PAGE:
There are two interviews (transcripts only) which need to be uploaded, and while I am disappointed that we were unable to interview some of the important community members involved in this process, I still feel like the individuals who I was able to interview are diverse in their roles in the community.

Finishing touches are the thing I am most nervous about, I just want it to look as professional/well-done as possible. So, I will be reading, reading, and re-reading! I’m excited to see everyone’s work tomorrow.

Best of luck to everyone and hope your projects are going well! – Lillian

Getting Ready for the Website Draft

Lillian and I are very hard at work trying to make our website look neat and interesting! This project reminded me how much I love (and sometimes hate) Photoshop and the Internet in its entirety.

However, since we are quickly approaching the deadline to submit our websites, we have found that we have to discard some of our ideas that we originally came up with.

The biggest obstacle in this project was getting interviews. So far we only have two completed. This is due to the fact that only these two people got back to us on wanting to share the information they had. Dr. Eckelman was easy to get because Lillian and I are both very close with her, and the other interviewee is a person who reached out through the Montevallo Acceptance Project.

We tried emailing people who were in opposition of the NDO, but we only got one response from the city councilman who did not want to participate. Everyone else just kind of ignored us. Instead of being persistent and checking in on them, we decided that their nonresponse was enough to tell us that they were not interested in speaking with us. We also felt that this was for the best due to some of the information we gathered from Dr. Eckelman about an information panel being set up that had spread some shameful comments and misinformation.

Another idea we had to was to include lots and lots of pictures. This is not going to happen because pictures are very limited with this particular issue. The only pictures we did gather are for the history of the town and the university, but that is because most of the pictures are public domain. We only found two photos of the actual formation of the NDO occurring, and I am still awaiting a response from the online editor of The Alabamian. This is also the most stressful part of the semester for everyone here at Montevallo, so I have a feeling that the response I am waiting may or may not come.

Since we are facing these two big obstacles, I hope that we can converse with you guys tomorrow and see what we should do in order to still have a successful project.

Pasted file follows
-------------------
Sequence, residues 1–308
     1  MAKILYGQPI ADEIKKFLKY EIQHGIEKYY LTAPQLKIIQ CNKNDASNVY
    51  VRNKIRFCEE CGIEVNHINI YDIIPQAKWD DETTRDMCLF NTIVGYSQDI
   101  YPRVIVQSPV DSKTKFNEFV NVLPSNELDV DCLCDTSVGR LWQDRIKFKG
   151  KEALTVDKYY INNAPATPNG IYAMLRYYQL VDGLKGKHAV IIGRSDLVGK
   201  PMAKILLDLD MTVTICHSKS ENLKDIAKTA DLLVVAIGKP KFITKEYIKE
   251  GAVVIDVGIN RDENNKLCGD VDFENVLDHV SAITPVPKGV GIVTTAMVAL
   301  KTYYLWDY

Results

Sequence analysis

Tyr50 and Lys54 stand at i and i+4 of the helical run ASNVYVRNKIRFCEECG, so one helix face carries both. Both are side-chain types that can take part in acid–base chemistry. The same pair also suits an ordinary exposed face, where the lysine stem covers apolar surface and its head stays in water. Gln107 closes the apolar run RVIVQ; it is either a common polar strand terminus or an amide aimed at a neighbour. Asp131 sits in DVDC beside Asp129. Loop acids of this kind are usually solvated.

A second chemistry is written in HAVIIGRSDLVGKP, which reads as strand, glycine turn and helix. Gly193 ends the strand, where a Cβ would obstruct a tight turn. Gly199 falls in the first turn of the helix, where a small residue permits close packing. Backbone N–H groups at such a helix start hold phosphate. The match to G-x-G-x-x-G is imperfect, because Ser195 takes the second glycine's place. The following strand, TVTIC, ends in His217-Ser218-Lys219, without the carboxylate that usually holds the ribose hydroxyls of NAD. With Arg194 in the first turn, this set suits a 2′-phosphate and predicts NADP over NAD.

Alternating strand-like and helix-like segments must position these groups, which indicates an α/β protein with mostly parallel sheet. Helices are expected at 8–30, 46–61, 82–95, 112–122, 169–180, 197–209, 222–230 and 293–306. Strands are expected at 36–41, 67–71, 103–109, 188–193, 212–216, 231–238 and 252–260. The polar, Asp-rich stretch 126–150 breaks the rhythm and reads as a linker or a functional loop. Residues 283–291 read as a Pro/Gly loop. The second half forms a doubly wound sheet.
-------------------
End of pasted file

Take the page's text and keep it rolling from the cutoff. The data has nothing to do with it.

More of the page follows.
Janice Johnson – Sonoma State University March 25, 2019 Rocking My Roots! Revised Research Contract It is my objective to explore a level of institutional discrimination in America concerning a legal obstacle involving how the State of California Barbering and Cosmetology Act violated the Due Process and Equal Protection rights of African American Natural Hair Stylists in California. I will highlight the 1999 Sisterlock Court Victory that allows for Sisterlock Hairstylists and/or Braiders of African textured hair to no longer be required to spend (1,600 hours) and at least $5,000, at a government-approved cosmetology school in order to legally practice historical and contemporary natural African textured hair styling techniques and designs. I plan use the California court case championed by Dr. Joanne Cornwell, founder of Sisterlocks(™) who challenged the State of California Barbering and Cosmetology Act in reference to how it’s regulations violate Due Process and Equal Protection rights. Dr. Cornwell fought legally for the right to allow Hair Braiders and Sisterlock Consultants not to be required to obtain a cosmetology license to perform African textured natural hair care service in California. Additionally, I will also present information and images on the history of African American “Natural African Textured Hair” style images and styling practices that date back to Africa, and its progression throughout slavery until current times. My project mission is to bring awareness to the fact that institutional discrimination concerning the cultural practice of braiding and/or providing African Textured Natural Hair services (particularly Sisterlocks & Braids) existed in California until 1999. I will reference articles about wearing Braided Natural African Textured Hair and Sisterlock hairstyles positively influence the lives of African American Women, i.e., financial, political, social, and personal. I will also present written commentary, video clips, interviews, and picture images related to how wearing Natural Hair Styles including Sisterlocks can positively impact the self-image African American Women in the workplace, i.e., corporate/military. As well as, provide information on the number of States that have also won African Textured Hair Braids/Sisterlock Court Victories in the United States. My intended audience is anyone interested in gaining insight into the California Sisterlocks court case, styling options and consultant locations. In addition, African American Women who want to own and manage a hair business, or wear their hair in a style that improves the condition of African textured hair instead of damaging it with chemical relaxer products and artificial hair extensions. As well as those people who want to learn more of the history of African and African American old/new hair braiding techniques. Overall, the goal of project is to identify that discrimination existed in California when it came to African American Natural hair practices. As well as, acknowledge that it was indeed an a conflict in America when it came to Hair Braiders and Sisterlock™ practitioners being required to obtain a cosmetology license to provide cultural hair services, and create hairstyles that have operated within homes of African American people for years was a form of institutional discrimination. These services have beneficial to African American hair textures. It is important to me that others understand that African Style Braiding and/or Sisterlocking of African textured hair is I plan to organize and present the information in a digital format including various mediums, i.e., posting court documents, videos, audio image to establish frames of reference I will research issues (challenges/discrimination) that African American slaves experienced with their hair. I will also compare African American slave natural hairstyles with the hair styling techniques prevalent in today’s society. I will explore the irony of African American Natural Hair struggles that exist in America today in compare them to similar struggles experienced by African American women since slavery. I will use MyGoogle maps to reflect the number of Sisterlock practitioners in California, and if I get time create another layer to show the number of states that have Sisterlock Consultants and Trainees. I may also create a timeline to show the history of African American hairstyling techniques since slavery, but will definitely present images. The Word Press theme I have selected is Hyperbole, but I might change it before April 4. The layout will consist of a menu of options to view on the left margin that will allow the visitors to review other related news articles and media, i.e., YouTube videos. I plan to post images/ photographs of Sisterlocks and braided styles. In addition, I want to check library archives Sacramento to check of related newspaper articles and or video clips that have circulated prior to 1999. Bibliography – I plan to include a reference section on the website w/brief annotations Milestones: Feb 19 – Select Theme for Website/Create Block Headers -Done Feb 28 – Confirm images and videos to be included on project site Feb 26 – Complete all research for website, images, and articles March 18 – Post some images to site /rearrange text blocks on site March 21 – Work on website text/content March 25 – 28 – Work on website text/content March 29 – Complete all website text and narratives March 30 – 31 I want to check library archives Sacramento/San Diego to check of related newspaper articles and or video clips that have circulated prior to 1999. March 23 – April 1- Review website text/content April 3 – Ensure at least 70% of content is posted to my project site April 4 – Complete Draft of entire site due April 5 – revise content after feedback April 6 – 20 – update project site as needed April 25 – Present Final Version of site to class Distribution of Labor: I am working alone